Having said this, there is no denying Japanese economic growth has been low and we have experienced deflation for more than a decade. As a result of stagnated incomes, a new generation of Japanese workers is unable to fully enjoy the feeling of security and optimism that was taken for granted by their parents.
The Abe administration has attached the highest priority to ending persistent deflation and fostering growth. To that end, “Abe-nomics” will be characterized by the development and implementation of a three-pronged strategy consisting of aggressive monetary policy, flexible fiscal policy and a growth strategy that encourages private-sector investment. In implementing these measures, the Abe administration seeks to revitalize the economy by fostering sustained growth and creating more high-paying jobs.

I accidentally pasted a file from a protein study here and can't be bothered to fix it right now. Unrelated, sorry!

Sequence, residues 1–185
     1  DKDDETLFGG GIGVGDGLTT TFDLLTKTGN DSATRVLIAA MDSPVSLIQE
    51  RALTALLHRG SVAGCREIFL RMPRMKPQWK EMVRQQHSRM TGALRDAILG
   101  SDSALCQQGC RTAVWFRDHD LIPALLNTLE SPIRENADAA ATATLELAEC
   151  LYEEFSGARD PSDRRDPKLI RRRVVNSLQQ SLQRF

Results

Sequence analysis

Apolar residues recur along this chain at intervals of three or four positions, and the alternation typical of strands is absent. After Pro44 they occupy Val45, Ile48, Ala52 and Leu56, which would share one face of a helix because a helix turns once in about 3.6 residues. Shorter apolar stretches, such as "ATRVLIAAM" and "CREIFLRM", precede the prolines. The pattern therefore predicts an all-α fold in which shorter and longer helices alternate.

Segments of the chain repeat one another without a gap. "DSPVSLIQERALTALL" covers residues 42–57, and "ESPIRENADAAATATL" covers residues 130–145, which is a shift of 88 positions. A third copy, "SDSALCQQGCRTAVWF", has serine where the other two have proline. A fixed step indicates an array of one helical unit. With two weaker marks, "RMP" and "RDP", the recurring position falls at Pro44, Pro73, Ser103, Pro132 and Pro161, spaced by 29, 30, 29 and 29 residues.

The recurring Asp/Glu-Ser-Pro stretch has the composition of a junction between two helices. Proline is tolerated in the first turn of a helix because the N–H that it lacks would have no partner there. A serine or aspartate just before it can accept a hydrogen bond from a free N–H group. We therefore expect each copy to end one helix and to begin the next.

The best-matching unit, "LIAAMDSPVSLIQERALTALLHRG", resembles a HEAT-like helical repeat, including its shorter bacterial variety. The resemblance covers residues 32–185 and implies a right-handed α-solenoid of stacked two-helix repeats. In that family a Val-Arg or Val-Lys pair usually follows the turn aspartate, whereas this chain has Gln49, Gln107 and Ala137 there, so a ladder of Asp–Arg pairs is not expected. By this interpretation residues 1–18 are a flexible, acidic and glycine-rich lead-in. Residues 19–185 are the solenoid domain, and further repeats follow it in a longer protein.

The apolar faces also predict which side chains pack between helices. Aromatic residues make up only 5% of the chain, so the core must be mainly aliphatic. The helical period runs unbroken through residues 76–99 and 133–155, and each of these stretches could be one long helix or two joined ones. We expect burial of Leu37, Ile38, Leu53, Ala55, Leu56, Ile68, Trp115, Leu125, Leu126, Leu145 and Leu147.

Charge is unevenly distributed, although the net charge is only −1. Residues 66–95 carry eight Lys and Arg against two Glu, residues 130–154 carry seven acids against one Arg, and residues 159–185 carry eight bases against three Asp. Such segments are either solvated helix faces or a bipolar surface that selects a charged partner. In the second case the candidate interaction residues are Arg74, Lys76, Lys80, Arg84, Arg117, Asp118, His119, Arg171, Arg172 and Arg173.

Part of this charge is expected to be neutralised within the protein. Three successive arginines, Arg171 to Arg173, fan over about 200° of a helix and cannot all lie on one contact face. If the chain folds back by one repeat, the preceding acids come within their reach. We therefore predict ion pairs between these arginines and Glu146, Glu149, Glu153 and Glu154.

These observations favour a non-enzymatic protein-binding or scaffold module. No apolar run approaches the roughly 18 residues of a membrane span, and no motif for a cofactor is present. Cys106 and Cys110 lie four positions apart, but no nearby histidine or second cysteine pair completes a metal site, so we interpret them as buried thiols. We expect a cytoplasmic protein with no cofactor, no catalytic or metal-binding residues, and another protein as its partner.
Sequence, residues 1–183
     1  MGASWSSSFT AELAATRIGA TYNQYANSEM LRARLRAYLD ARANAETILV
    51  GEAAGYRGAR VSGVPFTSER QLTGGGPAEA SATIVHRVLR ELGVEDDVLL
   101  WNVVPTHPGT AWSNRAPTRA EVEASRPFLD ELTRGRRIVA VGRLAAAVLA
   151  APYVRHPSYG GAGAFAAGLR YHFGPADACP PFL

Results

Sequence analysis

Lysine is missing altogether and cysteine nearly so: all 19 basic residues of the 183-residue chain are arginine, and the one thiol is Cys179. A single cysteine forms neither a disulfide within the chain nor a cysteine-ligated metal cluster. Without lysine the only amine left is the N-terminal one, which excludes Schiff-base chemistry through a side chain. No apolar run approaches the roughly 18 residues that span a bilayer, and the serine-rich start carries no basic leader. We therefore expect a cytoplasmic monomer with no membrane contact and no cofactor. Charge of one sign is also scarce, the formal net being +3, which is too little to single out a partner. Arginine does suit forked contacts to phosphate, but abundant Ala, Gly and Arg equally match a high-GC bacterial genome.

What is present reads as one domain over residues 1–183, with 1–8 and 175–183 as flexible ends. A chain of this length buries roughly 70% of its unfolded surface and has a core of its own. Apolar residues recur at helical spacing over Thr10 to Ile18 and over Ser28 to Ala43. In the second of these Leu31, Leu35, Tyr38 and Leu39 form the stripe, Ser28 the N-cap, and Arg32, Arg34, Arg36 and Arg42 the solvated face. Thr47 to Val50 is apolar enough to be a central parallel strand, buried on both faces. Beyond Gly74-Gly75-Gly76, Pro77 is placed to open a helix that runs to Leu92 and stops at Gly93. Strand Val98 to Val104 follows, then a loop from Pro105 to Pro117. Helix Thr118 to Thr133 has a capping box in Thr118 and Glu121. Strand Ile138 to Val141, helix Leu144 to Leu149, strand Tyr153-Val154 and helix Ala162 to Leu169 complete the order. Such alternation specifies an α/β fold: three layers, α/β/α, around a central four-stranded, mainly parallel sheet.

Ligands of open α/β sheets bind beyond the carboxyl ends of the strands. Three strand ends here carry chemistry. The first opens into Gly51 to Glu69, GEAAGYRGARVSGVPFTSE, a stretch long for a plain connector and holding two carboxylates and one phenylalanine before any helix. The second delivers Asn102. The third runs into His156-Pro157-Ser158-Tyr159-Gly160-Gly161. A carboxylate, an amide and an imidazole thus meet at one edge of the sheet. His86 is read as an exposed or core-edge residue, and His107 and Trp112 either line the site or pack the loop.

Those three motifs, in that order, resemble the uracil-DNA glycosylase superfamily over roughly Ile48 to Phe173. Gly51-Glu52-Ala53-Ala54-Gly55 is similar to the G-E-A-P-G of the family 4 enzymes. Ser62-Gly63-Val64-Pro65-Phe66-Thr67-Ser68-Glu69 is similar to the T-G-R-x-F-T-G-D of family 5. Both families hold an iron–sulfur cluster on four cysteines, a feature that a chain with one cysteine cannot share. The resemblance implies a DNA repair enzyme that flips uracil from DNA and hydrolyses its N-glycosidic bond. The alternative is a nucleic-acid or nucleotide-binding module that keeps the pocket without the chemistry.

The government and the Bank of Japan jointly unveiled a bold new monetary policy strategy on Jan. 22, with the bank setting a price-stability target of two percent, year-over-year change in the consumer price index. Just days earlier, on Jan. 11, the administration unveiled its Emergency Economic Measures for the Revitalization of the Japanese Economy to provide support for business activity, including the implementation of public works projects designed to accelerate post-quake/tsunami reconstruction and to strengthen the nation’s infrastructure. At the same time as it launched these emergency measures, the government has acknowledged the importance of pursuing fiscal sustainability in the medium- to long-term.
The government is determined to formulate and implement a growth strategy to strengthen the competitiveness of the Japanese economy, to overcome energy constraints and to enhance the innovation platform, while at the same time accelerating the removal of domestic institutional obstacles such as regulation. The Abe administration is planning to unveil its new growth strategy in mid-2013.
With regard to external economic policies, the government will continue to promote high-level economic partnerships, implement measures to secure energy and food, and encourage tourism and internal investment.